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Bulletin of the History of Medicine 78.2 (2004) 493-494
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Deborah Hayden's book begins with an intriguing, presumably fictional account of one person's subjective experience of syphilis during the nineteenth century: "patched with leeches, shocks and spas" (p. xii), the narrator describes the emotional upheaval and loneliness of life with the disease. A skillful writer, Hayden sets out to explore how people reacted to their experience of this stigmatized disease before the age of antibiotics. Her goal is worthwhile and her prose graceful, but her research and conceptualization of the study are sufficiently flawed to undermine the book's usefulness to either a general audience or specialists in medicine or history.
The book is divided into four parts: the disease, the nineteenth century, the twentieth century, and finally, "pox gallery." In part 1, Hayden explains the clinical symptoms of syphilis, as well as its history from the first European epidemic of 1494-96 through the invention of antibiotics. She seems unaware of the problems of studying syphilis in the early modern period, foremost among them that the medical diagnosis of "syphilis" did not exist at the time. Furthermore, she takes sixteenth-century statements about the disease literally, rather than examining the cultural context of disease and health. Instead of explaining that Europeans associated Jews and prostitutes with disease in general, she refers to reports about Jews bringing typhus and about prostitutes in Naples spreading syphilis as simple observations. Finally, she cites only English-language scholarship, virtually all secondary sources—a serious limitation for a book that focuses primarily on continental Europe. As a history of syphilis and an introduction to [End Page 493] the disease her book is a step backward, for it ignores the complexities of interpretation and presents myths and assertions as facts.
The heart of the book is part 2 on the nineteenth century, since the original impetus for Hayden's research came from reading about Nietzsche's struggles with syphilis. Her approach is biographical, with separate chapters devoted to an assortment of famous people, from Franz Schubert to Abraham Lincoln to Vincent van Gogh—the common thread being the possibility of their having been infected with syphilis. To her credit, she does acknowledge the difficulty of providing a retrospective diagnosis of syphilis. Difficulties aside, however, she then proceeds to provide medical histories of each individual, concluding always that syphilis was at least a possible diagnosis. The result is a series of banal miniportraits, in which the subject's creativity and reactions disappear behind the medical diagnosis.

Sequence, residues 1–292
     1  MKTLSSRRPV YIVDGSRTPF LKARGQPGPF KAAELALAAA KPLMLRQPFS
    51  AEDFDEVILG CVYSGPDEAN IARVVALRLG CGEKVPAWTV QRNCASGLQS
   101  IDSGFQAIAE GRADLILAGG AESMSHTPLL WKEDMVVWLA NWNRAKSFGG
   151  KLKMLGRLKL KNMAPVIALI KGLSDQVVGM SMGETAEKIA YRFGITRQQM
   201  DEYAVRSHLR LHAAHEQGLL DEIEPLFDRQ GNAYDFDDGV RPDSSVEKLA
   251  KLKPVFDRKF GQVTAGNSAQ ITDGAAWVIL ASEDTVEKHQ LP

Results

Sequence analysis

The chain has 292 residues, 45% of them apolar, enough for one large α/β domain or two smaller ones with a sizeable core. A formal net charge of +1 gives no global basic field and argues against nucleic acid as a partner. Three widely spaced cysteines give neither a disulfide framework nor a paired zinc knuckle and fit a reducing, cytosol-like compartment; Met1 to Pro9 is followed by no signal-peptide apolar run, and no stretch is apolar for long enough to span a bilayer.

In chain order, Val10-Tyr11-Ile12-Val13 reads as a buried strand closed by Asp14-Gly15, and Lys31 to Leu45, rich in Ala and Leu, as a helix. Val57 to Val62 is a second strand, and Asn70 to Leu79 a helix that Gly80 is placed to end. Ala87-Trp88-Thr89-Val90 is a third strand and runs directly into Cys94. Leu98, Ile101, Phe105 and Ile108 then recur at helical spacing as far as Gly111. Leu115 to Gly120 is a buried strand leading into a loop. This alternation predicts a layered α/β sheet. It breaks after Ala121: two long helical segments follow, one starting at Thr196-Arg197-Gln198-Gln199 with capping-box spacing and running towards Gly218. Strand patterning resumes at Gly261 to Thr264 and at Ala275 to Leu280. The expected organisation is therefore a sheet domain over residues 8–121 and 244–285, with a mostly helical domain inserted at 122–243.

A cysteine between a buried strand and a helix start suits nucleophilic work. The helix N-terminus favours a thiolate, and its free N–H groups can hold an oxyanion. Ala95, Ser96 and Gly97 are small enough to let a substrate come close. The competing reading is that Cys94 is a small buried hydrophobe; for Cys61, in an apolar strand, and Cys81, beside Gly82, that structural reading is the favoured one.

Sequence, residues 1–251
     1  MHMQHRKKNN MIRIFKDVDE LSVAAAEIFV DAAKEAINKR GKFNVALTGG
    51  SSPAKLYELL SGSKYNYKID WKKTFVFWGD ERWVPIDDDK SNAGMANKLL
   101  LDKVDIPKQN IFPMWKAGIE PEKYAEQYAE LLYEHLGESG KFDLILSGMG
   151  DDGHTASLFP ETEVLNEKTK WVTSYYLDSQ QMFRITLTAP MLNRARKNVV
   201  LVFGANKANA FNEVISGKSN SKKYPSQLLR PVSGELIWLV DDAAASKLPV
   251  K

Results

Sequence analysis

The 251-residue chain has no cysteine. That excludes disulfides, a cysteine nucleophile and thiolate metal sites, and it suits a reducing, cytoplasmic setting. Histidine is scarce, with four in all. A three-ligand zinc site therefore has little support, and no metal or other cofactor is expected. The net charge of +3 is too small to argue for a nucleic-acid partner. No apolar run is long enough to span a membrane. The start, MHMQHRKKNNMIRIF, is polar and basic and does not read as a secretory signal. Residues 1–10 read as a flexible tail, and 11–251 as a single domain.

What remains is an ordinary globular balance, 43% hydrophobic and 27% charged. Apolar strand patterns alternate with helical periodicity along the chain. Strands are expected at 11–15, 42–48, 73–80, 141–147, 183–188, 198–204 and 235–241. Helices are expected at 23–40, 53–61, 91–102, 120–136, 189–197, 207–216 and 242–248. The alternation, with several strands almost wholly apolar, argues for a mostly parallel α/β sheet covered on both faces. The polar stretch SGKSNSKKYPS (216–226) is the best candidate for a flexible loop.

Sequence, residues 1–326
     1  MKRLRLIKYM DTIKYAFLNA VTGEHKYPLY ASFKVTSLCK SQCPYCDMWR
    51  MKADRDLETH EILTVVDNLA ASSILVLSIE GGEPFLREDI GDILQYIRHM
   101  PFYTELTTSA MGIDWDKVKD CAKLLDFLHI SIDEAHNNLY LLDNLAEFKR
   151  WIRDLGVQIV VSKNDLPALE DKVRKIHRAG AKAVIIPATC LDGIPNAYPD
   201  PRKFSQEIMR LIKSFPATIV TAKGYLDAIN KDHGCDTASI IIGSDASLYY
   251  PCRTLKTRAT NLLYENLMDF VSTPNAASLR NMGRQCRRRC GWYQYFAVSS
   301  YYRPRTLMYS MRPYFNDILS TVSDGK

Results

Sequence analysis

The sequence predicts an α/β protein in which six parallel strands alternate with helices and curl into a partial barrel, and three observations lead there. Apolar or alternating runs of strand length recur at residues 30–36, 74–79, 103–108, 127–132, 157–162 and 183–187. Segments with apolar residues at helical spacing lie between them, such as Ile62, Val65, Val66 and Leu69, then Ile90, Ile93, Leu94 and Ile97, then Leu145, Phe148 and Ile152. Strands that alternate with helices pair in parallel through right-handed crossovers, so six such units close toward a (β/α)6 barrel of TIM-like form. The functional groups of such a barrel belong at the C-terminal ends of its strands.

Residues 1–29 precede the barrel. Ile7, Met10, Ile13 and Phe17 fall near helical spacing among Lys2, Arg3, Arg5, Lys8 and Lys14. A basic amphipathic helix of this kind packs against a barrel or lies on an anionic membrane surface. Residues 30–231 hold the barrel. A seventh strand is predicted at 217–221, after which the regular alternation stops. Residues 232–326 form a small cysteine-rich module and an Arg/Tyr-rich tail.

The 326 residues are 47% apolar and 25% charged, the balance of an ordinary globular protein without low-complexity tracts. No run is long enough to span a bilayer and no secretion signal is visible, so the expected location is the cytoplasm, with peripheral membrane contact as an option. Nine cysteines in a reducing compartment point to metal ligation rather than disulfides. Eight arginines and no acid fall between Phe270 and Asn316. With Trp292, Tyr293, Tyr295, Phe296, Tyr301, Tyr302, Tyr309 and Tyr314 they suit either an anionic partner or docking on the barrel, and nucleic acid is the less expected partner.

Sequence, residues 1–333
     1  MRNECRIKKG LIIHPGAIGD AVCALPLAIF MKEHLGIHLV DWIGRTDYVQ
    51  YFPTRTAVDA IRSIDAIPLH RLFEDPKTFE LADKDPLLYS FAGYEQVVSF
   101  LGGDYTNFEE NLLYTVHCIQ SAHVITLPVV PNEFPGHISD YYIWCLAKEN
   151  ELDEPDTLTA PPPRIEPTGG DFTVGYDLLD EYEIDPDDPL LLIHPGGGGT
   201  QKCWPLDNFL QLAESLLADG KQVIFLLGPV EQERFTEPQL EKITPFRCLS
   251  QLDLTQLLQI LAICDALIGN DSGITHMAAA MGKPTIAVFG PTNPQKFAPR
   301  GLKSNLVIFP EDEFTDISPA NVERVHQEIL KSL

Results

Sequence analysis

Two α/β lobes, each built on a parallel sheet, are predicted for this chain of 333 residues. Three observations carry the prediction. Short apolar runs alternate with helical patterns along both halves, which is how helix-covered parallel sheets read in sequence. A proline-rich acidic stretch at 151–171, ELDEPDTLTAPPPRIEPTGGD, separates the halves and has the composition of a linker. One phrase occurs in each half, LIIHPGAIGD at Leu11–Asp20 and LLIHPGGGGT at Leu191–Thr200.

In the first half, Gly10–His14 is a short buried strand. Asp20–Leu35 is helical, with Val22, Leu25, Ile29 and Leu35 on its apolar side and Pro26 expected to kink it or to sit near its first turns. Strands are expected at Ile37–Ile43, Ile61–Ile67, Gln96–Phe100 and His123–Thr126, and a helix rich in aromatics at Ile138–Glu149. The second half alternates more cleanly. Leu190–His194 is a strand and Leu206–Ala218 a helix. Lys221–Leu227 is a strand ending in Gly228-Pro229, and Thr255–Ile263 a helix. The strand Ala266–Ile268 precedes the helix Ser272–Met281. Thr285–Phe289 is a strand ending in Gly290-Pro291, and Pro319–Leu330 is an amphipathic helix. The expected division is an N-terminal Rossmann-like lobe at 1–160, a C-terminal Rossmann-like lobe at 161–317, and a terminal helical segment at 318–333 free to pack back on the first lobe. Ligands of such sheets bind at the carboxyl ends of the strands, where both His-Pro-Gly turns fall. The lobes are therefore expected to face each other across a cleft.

Although Hayden acknowledges that syphilis alone does not explain the art and literature created by these individuals, her refusal to place her subjects in a broader context creates the impression that syphilis was the only influence on their lives. Thus, Schubert leaves us with a musical record of what it was like to live with syphilis in "his death-ridden, deeply brooding, romantic music" (p. 96); and Robert Schumann, of the fine line between madness and genius. Absent from Hayden's analysis is the impact of major cultural movements, notably romanticism. More problematic is her "pox gallery," a list of famous people rumored to have had syphilis (Ivan the Terrible, Goya), which contributes nothing to her overall argument and relies on rumors recorded by others.
Ultimately, Hayden fails to explain how her subjects reacted to syphilis, since many of them were either unaware that they had the disease (if they in fact had it), or thought they had been cured, or left no record of their reactions. But she does succeed in the important task of reminding readers that syphilis infected large numbers of people before the age of antibiotics: despite its social stigma, the disease was steadfastly egalitarian, infecting the ranks of the high-born as well as social outcasts.